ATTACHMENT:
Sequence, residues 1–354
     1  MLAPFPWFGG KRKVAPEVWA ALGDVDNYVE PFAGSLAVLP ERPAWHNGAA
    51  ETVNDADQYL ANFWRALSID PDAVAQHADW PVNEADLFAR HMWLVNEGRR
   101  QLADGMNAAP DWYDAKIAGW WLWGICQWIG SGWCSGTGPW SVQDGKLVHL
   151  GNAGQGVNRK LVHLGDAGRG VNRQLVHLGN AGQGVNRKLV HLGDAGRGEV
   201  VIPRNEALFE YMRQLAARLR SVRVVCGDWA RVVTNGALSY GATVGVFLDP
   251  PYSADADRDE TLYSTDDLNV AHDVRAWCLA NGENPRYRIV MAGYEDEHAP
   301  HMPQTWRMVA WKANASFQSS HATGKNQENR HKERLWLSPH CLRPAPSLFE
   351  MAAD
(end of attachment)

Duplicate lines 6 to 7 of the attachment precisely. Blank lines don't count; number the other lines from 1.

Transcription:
   201  VIPRNEALFE YMRQLAARLR SVRVVCGDWA RVVTNGALSY GATVGVFLDP
   251  PYSADADRDE TLYSTDDLNV AHDVRAWCLA NGENPRYRIV MAGYEDEHAP